Tree and shrub winter injury

By the month of May we expect to see our trees and shrubs fully leafing out and beginning to grow.  But this year there have been many reports of various problems with trees and shrubs that have perplexed homeowners across the area.

The symptoms

Many have noticed problems with trees such as the tips of branches failing to leaf out or large parts of tree canopies not leafing out at all.  Other trees have been very slow to begin to leaf out and there have been cases of bark splitting and falling away from the trunk on certain trees.

The tips of this Sawtooth oak died back due to winter injury
Suspected winter injury to the top of this Austrian Pine
Boxwood winter injury

Problems have also been noticed on shrubs.  Roses and other semi-woody shrubs have been killed back much harder than normal and many evergreens are showing signs of brown tips or dead areas within the plants.

The cause

The cause of a majority of these problems is winter injury due to two cold events that occurred between November 2020 and February 2021.

In between November 10th through 13th 2020 we experienced a sharp and fast drop in temperatures that led to a hard freeze early in the fall.  These types of freeze events can often catch tree or shrubs at a vulnerable point where they are not fully hardened off for winter and have cells that are still very active.  These cells can be damaged by the sudden drop in temperature.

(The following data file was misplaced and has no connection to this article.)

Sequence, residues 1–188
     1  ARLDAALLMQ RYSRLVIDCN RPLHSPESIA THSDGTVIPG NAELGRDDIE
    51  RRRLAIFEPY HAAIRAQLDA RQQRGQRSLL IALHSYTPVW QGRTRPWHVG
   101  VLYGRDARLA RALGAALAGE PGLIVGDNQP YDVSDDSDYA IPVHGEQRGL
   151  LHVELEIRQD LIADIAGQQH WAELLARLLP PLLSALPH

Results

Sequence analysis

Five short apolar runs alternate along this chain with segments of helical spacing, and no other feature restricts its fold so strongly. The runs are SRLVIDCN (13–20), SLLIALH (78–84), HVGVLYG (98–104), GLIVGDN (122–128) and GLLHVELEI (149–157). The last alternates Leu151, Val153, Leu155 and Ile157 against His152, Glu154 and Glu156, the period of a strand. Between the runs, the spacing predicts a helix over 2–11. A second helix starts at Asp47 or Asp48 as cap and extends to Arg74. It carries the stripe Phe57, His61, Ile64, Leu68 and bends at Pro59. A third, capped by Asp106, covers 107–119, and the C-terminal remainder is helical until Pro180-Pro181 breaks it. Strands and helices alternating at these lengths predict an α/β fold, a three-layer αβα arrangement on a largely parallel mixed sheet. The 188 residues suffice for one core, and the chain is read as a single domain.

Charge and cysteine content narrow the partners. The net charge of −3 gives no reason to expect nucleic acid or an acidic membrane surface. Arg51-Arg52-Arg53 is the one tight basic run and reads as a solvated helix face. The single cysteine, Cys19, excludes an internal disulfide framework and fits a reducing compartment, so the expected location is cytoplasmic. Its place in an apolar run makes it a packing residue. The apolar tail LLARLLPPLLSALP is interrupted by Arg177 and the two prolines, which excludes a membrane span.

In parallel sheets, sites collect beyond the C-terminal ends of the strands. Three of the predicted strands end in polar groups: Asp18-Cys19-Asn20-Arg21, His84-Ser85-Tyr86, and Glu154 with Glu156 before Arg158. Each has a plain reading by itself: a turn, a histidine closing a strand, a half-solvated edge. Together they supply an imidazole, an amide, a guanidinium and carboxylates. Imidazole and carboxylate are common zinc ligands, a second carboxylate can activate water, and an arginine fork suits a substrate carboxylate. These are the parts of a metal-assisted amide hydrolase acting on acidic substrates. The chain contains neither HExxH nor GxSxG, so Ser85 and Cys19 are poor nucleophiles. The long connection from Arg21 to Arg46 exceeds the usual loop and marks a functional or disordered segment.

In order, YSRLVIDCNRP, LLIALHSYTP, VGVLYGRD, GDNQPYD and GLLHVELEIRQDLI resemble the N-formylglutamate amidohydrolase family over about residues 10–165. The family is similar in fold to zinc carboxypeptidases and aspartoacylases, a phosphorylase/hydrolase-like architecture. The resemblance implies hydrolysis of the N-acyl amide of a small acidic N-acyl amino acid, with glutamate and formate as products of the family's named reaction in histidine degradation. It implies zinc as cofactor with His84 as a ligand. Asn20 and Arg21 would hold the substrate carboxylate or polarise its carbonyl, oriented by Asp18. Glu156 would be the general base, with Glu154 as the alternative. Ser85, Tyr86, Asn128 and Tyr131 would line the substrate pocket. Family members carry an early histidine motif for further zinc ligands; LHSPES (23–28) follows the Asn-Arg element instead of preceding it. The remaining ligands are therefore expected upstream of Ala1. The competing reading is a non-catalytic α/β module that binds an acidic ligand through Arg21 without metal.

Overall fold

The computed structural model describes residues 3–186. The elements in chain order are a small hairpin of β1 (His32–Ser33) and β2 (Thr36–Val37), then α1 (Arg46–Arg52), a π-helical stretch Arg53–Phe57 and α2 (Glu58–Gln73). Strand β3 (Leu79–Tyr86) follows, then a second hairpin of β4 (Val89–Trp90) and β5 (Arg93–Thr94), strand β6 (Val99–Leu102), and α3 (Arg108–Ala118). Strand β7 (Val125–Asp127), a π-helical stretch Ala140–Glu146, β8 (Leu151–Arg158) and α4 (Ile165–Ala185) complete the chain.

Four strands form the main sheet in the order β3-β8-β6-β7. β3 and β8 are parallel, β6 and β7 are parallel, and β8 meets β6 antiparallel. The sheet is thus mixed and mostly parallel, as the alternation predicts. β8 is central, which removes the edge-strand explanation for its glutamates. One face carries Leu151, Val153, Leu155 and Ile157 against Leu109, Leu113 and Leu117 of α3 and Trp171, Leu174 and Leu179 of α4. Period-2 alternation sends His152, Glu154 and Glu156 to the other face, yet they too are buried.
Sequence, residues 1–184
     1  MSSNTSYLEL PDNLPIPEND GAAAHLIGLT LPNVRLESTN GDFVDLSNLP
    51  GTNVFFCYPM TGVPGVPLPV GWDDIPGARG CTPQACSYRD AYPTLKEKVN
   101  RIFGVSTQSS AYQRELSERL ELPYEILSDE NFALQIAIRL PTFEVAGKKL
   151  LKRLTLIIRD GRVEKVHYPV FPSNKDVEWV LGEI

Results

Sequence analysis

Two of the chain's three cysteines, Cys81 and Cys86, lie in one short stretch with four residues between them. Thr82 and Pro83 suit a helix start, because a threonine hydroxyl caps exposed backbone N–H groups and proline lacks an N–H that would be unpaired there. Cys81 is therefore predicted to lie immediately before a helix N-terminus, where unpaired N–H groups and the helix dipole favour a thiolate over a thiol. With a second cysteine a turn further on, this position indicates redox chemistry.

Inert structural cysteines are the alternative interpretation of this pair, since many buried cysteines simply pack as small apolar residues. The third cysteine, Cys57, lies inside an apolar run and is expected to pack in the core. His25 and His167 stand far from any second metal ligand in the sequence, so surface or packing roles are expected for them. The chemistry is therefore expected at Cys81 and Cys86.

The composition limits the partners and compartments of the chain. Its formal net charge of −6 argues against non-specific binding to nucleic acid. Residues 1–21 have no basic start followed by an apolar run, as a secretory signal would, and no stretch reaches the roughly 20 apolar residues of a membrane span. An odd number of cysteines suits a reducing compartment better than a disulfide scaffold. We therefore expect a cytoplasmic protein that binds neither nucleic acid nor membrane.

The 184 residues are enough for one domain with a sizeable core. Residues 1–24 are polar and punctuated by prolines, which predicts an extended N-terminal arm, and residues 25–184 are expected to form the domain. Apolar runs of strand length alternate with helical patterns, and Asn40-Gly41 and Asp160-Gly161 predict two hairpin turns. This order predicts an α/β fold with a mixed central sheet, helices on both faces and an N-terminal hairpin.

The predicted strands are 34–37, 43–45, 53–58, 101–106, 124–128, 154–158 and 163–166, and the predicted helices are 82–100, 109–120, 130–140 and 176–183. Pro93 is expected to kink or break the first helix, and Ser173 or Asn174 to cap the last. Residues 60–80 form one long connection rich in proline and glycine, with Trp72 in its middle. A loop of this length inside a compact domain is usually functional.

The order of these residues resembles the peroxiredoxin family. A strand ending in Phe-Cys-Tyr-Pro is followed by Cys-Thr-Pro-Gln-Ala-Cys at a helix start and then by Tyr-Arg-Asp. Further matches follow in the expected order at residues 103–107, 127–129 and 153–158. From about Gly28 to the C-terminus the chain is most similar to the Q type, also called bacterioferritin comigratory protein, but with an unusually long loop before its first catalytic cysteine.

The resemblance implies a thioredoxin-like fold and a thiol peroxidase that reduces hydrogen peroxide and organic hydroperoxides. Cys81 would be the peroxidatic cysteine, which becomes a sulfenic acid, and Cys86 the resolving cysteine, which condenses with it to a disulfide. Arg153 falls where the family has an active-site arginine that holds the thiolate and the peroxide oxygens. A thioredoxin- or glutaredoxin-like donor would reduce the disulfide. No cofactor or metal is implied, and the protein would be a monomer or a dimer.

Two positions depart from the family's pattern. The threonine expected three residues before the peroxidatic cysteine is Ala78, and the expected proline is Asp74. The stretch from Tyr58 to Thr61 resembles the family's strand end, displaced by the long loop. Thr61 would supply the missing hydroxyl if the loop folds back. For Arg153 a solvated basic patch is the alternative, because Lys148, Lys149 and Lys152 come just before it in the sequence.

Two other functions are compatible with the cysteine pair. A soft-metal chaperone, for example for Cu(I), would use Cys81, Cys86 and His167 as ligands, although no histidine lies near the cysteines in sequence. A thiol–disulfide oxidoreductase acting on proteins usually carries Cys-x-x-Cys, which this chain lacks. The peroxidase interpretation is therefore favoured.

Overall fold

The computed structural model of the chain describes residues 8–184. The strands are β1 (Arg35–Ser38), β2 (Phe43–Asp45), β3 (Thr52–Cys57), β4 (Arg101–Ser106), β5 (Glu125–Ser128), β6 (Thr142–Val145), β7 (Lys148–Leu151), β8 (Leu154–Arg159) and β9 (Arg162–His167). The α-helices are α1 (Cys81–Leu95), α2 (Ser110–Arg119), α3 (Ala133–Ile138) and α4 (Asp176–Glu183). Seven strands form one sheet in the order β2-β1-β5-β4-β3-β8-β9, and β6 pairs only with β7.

The record cold snap in February of 2021 was even more extreme and although it came when plants were dormant, it was an extreme and fast shift in temperature that can have the same effect on any plant cells that were not fully dormant due to the relatively normal and even more mild temperatures we had experienced before the cold event occurred.

How damage occurs

The sharp drop in temperature can damage at least a portion the phloem and the cambium which is the living tissue of trees and shrubs that is just underneath the bark. The phloem carries food made in the leaves to all parts of the plants including the roots. The cambium produces new phloem. If the phloem and cambium are killed, the cambium cannot produce new, living phloem, and, therefore, the roots don’t receive the food needed to survive. Trees so affected may not die immediately because a healthy root system has stored energy reserves that it can use to keep the tree alive. When those reserves are depleted, the tree will decline very quickly. Usually this occurs during the summer following the year the damage occurred.

What to do

If a tree is showing signs of being slow to leaf out or not leafing out, it is best to have patience.  Woody plants have latent buds that can sprout and grow from healthy cambium tissue.  These secondary buds can begin growing but there will be a delay.  If no growth occurs by the beginning of June, then any dead areas should be pruned out and removed if possible.   If a tree has significant dieback in the canopy then it is time to make a decision about the tree’s health and future.  In some cases pruning to remove the dead areas may be an option, but if too much damage has occurred, removal and replacement may become necessary.